What is the true meaning of "mother"? According to Merriam-Webster, "mother" is a female parent; a woman in authority, and/or an old or elderly woman. With these definititions in mind, it is not a far stretch to feel motherly towards children not born from our bodies, or even animal companions! I know that I felt like Little Bear's mother. How so? I cared for him, I worried about him, I wanted him to have a great life, I gave him room to express himself, and gave him boundaries as well. I nourtured him, taught him, comforted him, played with him.....all the things I did with my human children. Our bond was just as strong. So today, On Mother's Day, I wish all women who care for other beings in a motherly way, "Happy Mother's Day!".
Obviously I wasn't Little Bear's first mother. Thankfully, I was able to hear a little bit about her from Little Bear during some of our talks. As journaled in Finding Joy: A Dog's Tale, here are a few exerpts that help us understand the bond animals feel toward their birth mom.
"The next few weeks we spent huddled together, eating, and getting cleaned by Mom. We learned to stand, walk, and relieve ourselves. Mom rarely left us alone. Sometimes she got up to relieve herself or eat. I noticed she did not eat the same way we did. She ate from a bowl and used teeth to chew. I moved my tongue in my mouth and noticed I didn't have teeth. I wondered when I would get them. Her ears were always pointed in our direction, and if one of us made a sound, she would stop and turn toward us to make sure we were okay. When she came back to us, I could smell the food she ate. it smelled different from her milk."
The above passage reminded me of myself, when my babies were first born. Although my ears don't move in direction like a dog's ears, I did feel my sense of hearing was heightened. I could hear a little peep from the other room and much like Little Bear's birth mother, froze to listen more intently. Those early days were all about making sure they were ok, and many mother's often feel there is little time for anything else. Imagine, having more than one? Imagine having 6 or 8? Phew!
One of my favorite snuggle positions with my newborns, was laying in a semi-reclined position with them on top of me, face at my chest. The warmth their little bodies emitted was soothing to me. Our breathing became synchronized with each others. It was relaxing for both of us and very precious. Humans are not the only ones who enjoy close contact. In fact, most animals will snuggle their young too! Little Bear enjoyed a very similar position with me throughout his years. If he was not on me, he was very close to me. This is natural and reflects the need all beings have for physical comfort. In the next passage, we learn from Little Bear what being close meant to him early on.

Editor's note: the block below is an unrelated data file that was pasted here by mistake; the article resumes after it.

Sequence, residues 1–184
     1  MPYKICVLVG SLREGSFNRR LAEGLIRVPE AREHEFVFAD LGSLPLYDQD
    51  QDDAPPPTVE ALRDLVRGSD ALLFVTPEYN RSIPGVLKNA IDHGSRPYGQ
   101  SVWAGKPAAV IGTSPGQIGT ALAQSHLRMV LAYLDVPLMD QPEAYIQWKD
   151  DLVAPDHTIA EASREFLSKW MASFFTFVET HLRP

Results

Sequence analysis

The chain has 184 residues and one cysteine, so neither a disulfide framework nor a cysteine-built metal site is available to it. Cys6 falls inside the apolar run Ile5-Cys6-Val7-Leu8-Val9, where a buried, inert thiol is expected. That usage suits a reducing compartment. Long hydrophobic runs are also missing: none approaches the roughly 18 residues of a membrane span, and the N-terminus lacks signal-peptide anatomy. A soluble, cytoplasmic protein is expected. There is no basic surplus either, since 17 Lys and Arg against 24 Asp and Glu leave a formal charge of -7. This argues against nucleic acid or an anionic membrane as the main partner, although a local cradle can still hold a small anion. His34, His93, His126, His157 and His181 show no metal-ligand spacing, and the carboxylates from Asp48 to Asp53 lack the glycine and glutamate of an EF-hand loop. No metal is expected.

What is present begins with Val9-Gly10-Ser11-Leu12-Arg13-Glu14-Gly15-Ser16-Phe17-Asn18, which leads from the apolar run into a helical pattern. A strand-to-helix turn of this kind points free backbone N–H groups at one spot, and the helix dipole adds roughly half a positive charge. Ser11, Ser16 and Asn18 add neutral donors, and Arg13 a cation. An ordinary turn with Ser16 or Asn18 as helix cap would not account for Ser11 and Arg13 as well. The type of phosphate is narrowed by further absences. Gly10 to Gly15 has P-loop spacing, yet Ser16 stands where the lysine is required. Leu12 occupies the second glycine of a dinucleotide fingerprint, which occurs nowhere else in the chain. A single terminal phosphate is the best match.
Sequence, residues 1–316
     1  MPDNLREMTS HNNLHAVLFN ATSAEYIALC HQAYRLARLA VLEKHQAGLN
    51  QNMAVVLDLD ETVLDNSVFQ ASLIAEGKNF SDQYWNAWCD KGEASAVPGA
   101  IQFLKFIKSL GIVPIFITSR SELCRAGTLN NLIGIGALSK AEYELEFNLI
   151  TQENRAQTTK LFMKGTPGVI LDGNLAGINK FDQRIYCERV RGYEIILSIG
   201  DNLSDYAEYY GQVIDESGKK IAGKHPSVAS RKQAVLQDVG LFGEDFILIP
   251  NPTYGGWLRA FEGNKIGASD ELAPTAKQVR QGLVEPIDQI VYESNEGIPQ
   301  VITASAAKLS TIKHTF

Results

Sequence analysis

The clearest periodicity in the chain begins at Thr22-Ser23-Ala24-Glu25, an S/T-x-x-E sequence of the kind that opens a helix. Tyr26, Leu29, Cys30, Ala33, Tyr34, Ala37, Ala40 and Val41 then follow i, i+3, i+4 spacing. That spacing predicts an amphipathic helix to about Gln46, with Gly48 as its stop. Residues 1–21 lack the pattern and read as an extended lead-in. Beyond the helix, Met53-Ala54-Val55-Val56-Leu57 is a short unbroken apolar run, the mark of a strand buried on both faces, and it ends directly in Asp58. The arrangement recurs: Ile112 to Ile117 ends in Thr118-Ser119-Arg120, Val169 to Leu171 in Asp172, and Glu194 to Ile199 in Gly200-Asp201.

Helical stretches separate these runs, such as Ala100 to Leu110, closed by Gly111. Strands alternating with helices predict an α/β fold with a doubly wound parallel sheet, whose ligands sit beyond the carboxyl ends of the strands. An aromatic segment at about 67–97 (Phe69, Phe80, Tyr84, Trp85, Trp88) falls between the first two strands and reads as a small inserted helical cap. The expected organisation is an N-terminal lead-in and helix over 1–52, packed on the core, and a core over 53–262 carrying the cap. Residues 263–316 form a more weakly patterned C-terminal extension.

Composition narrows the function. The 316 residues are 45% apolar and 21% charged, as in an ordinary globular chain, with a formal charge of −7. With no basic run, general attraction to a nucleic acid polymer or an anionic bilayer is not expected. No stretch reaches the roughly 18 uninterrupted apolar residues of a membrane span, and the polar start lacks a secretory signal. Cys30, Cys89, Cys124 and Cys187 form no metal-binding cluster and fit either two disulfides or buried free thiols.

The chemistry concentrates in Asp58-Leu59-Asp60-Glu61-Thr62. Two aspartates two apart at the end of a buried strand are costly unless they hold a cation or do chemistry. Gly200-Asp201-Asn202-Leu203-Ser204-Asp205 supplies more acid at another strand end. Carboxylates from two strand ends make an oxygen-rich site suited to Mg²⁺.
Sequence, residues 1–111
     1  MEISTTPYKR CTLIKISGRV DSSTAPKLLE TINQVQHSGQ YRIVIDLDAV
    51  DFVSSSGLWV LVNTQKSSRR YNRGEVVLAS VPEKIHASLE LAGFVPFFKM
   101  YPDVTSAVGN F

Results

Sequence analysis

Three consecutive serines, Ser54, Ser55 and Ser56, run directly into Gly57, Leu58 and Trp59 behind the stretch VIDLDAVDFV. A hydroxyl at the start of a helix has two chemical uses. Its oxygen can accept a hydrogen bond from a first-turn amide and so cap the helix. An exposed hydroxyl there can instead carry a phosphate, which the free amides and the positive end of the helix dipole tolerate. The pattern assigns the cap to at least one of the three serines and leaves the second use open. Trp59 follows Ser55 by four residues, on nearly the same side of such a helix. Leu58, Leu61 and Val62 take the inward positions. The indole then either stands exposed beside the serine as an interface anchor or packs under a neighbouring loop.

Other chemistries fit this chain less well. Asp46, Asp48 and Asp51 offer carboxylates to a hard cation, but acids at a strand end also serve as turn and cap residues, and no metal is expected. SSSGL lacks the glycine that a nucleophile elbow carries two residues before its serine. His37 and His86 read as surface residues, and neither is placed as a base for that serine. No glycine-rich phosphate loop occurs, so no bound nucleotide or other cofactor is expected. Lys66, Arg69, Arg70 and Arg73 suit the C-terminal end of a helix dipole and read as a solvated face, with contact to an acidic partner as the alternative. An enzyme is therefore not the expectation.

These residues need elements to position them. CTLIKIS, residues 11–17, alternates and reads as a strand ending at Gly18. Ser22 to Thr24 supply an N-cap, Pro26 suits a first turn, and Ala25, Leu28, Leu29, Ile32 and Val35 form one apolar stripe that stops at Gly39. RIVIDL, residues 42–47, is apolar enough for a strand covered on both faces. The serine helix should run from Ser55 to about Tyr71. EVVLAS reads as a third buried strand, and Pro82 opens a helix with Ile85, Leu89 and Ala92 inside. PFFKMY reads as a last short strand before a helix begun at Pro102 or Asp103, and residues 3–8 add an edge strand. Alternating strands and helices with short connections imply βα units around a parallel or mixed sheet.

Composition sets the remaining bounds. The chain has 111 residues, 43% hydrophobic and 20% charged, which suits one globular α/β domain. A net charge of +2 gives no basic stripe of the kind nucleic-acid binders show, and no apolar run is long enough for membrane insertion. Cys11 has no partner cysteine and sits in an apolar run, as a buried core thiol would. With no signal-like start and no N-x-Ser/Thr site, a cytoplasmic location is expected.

"Other noises were not from nature; they were horrible sounds: loud, abrasive, negative sounds. I did not like them at all but felt I had to pay attention to them as well. Sometimes, when the noises became too much, I found comfort lying near my Mom, next to her heart, listening to her heartbeat. That was my favorite sound in the world."
As an animal communicator, I receive messages in a variety of ways. One is through picture images. Little Bear encouraged this and it helps me tremendously in understanding what the animals want to convey. It would be silly of me to think that this was unique to me or other animal communicators. If we can do it, it stands to reason that the animals share this with each other. Little Bear tells us some of the messages he received from his mom:
"She sent us messages. "I love you, " "Learn well the lessons of nature, ""Remember who you are," "I love you". Mom repeated "I love you" over and over. It was as if she wanted to make sure we never forgot. Love is the most important message, after all. "
I agree with Little Bear. Love is the most important message. If we all act with love and kindness, so many problems would be avoided. Happy Mother's Day to all the women who care for another being, with love and kindness. one love.